Matt Phelan, service director at Roseville (CA) Toyota, received a scathing letter from a customer accusing one of his F&I managers of improper practices after his daughter’s credit application was refused.

Before responding, Phelan pulled the customer file and watched a videotape of the deal. What he saw indicated a professional scam artist trying to rip off a vehicle. The father had worked in dealerships and knew the ins and outs of financing.

“After seeing the tape, I had the highest praise for our F&I manager and saw that he was trying to protect us,” Phelan says.

Phelan says videotaping can deter and identify the bad guys – people engaging in identity theft or fraud, or even stealing vehicles in the dead of night.

Roseville Toyota, part of the 6-store John L. Sullivan group that includes Saturn, Chevrolet and Dodge franchises, has been videotaping customers in F&I for three years. The monitors are hidden in overhead cameras. All customers are duly notified about the taping practice and can refuse if they like.

General Manager Dave Rodgers, who oversees the Sullivan operation, has introduced the surveillance system in all Roseville-area stores.

With increased regulations and the specter of lawsuits haunting dealerships, more dealers are getting behind the camera. Still, the videotaping process is not without controversy. Some dealers feel it impinges on the trust relationship between management and staffers – and customers.

In regulation-happy states such as California, dealers like Roseville Toyota are especially watchful.

Rarely does a customer object to being taped, Phelan notes. Most like it.

Some dealers say it enhances professionalism. But Phelan says, “We already had that in place. It makes our F&I managers look like IBM professionals.”

Bill Minsker, dealer at Buckhannon Automotive Group, Buckhannon, WV, says his 6-brand dealerships have videotaped customer transactions for nearly four years.

“We want to stay on top of what’s happening in the marketplace, and we use it as a training tool. We don’t beat people over the head with it,” says Minsker, who sells Toyota, Scion, Chrysler, Dodge, Jeep and Subaru brands.

Besides protecting dealerships against lawsuits, it also assures customers get full and accurate disclosure of products and services available to them. That’s the law in most states.

Videos also act as a training tool for staff, new and old, Minsker says. “I’ve been pretty proactive on full disclosure and helping customers understand everything about the process and contracts. It was a natural for me to tape all loan closings.”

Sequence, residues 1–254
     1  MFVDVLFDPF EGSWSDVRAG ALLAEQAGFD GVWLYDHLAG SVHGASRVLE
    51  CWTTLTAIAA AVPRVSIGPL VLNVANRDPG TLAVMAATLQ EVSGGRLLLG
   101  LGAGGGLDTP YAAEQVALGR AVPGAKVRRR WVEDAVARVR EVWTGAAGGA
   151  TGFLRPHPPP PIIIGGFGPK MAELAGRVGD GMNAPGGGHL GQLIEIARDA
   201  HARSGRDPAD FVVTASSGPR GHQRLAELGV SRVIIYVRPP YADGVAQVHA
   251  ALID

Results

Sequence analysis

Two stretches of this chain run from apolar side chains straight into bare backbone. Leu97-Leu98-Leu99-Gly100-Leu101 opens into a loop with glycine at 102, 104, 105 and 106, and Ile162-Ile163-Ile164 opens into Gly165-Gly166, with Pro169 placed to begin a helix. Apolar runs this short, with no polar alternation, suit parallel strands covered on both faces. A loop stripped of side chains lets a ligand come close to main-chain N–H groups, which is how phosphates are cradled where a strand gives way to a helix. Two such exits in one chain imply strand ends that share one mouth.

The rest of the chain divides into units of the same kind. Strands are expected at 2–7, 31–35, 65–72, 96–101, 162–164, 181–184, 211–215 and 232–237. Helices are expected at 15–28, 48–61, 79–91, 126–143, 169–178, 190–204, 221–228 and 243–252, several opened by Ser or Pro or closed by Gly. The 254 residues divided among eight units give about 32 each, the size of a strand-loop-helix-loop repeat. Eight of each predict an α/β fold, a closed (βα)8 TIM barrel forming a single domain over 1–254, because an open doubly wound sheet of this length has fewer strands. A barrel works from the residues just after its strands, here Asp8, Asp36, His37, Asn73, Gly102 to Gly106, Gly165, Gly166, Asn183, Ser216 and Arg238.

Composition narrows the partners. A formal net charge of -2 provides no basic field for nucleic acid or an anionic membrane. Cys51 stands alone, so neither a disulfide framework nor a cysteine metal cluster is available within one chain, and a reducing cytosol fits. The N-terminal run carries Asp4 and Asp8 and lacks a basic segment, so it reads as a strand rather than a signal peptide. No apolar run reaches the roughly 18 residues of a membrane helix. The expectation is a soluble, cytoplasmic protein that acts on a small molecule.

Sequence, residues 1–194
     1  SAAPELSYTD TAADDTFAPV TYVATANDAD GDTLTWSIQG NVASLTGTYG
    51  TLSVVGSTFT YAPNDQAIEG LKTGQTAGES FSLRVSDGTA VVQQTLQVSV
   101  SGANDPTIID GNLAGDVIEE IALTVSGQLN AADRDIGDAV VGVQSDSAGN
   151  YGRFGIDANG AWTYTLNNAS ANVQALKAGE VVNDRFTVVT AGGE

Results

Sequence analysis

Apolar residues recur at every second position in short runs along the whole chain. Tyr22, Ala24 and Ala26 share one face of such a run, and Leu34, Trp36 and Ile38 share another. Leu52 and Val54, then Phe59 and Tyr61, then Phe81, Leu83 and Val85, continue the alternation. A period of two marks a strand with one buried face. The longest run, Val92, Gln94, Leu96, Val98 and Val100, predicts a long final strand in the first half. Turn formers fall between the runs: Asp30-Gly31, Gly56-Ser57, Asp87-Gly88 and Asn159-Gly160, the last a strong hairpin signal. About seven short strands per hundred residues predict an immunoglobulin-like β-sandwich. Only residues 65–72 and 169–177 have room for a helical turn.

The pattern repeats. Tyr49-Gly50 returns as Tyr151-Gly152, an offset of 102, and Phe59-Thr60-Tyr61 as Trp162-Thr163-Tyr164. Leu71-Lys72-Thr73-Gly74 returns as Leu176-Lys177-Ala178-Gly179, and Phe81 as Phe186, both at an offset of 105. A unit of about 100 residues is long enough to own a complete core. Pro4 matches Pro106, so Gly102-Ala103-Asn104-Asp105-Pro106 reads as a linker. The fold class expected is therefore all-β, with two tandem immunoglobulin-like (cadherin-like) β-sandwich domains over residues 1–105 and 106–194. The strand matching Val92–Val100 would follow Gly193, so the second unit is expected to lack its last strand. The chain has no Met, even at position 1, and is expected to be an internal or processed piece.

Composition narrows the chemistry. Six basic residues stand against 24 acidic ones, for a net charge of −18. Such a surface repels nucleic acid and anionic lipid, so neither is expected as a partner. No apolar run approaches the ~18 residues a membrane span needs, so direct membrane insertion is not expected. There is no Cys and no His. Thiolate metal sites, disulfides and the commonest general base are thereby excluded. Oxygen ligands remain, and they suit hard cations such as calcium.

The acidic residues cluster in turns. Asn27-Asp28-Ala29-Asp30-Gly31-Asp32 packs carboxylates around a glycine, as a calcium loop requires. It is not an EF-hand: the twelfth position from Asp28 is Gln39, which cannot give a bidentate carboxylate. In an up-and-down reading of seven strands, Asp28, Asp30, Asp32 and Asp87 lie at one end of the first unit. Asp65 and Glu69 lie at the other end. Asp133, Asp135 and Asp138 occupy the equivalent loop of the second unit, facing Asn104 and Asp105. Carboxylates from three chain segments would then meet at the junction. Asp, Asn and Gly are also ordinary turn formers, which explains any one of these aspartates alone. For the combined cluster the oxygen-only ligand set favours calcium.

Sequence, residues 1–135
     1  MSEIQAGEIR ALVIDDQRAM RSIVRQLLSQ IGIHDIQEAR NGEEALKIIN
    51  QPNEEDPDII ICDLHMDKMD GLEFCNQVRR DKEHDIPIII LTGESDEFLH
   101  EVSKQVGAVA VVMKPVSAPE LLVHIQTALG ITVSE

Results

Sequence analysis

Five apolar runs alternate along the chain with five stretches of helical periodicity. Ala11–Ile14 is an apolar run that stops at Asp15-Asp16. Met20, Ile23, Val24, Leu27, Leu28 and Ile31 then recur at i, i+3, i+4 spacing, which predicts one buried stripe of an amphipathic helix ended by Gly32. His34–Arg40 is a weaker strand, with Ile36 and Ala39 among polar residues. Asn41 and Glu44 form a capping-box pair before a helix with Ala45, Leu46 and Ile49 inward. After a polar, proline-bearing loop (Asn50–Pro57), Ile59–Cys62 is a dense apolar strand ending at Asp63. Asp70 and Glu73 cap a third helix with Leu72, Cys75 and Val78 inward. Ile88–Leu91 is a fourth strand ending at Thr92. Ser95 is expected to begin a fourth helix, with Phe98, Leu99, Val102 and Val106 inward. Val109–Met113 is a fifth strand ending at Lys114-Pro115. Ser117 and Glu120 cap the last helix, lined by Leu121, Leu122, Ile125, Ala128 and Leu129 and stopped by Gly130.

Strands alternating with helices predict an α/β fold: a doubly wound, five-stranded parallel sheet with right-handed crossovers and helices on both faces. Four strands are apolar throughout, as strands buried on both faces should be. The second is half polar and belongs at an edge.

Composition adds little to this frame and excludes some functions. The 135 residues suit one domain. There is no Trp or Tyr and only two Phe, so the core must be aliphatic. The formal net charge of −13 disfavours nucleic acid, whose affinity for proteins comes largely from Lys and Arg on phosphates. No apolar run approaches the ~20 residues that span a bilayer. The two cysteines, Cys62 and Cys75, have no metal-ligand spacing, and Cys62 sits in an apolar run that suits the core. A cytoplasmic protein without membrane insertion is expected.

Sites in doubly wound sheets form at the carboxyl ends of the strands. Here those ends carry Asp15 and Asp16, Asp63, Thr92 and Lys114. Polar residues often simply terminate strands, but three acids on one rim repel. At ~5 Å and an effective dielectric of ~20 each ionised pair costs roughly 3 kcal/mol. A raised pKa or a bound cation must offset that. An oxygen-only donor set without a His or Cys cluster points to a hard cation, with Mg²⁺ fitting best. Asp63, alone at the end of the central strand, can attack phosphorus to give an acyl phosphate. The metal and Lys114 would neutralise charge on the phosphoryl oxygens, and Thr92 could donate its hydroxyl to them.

He adds, “People make more of an issue of videotaping than it is. It adds to the assets of your transactions. It ties in with full disclosure and meeting and exceeding customer expectations. We’re very committed and use it in everything we sell – new and used.”

Dealer Paul Lokey of Lokey Automotive Group, can’t complain about the robust sales picture at his dealerships. His Nissan, Volkswagen, Kia, Mitsubishi and three Saturn franchises in the Florida Tampa Bay-Clearwater area all are performing well.

“F&I is a bright spot in our operations,” he says. “We’ve had the best year in history– up $150 per car last year, which was a record for us.” Used cars have been especially profitable for the dealer chain.

Lokey credits videotaping for adding to F&I profits, which stand at 50% across the entire auto complex. The practice has raised profits about $300 per car, with two-thirds of that in F&I. That’s enough proof for him.

Lokey started the practice three years ago for compliance reasons. “I wanted to be bulletproof with 21 F&I managers in seven stores. It allows us to be upfront, professional – and act in an honest way. And I know the group is performing in the way I want it to.”

Sometimes customers balk. “But once we tell them the tape is for their protection as well as ours, you can see their guard come down,” he says.

Attorneys zealously pursue unethical dealers, particularly in the Tampa Bay area, Lokey says. “But I’m not on their radar screen; they know we operate honestly and professionally,” with the tapes as backups.

“Personally, I’d like to see the entire industry tape. It could stop the black eye we get in the media.”

After mulling over the issue for nearly a year, Bill Hayden, general manager at Carl Fischer Buick, Pontiac, GMC in Stuart, FL, is prepared to try video recording in the F&I offices.

The dealership is completing facility rehabilitation due to storm damage. After that, Hayden will charge F&I managers with the task.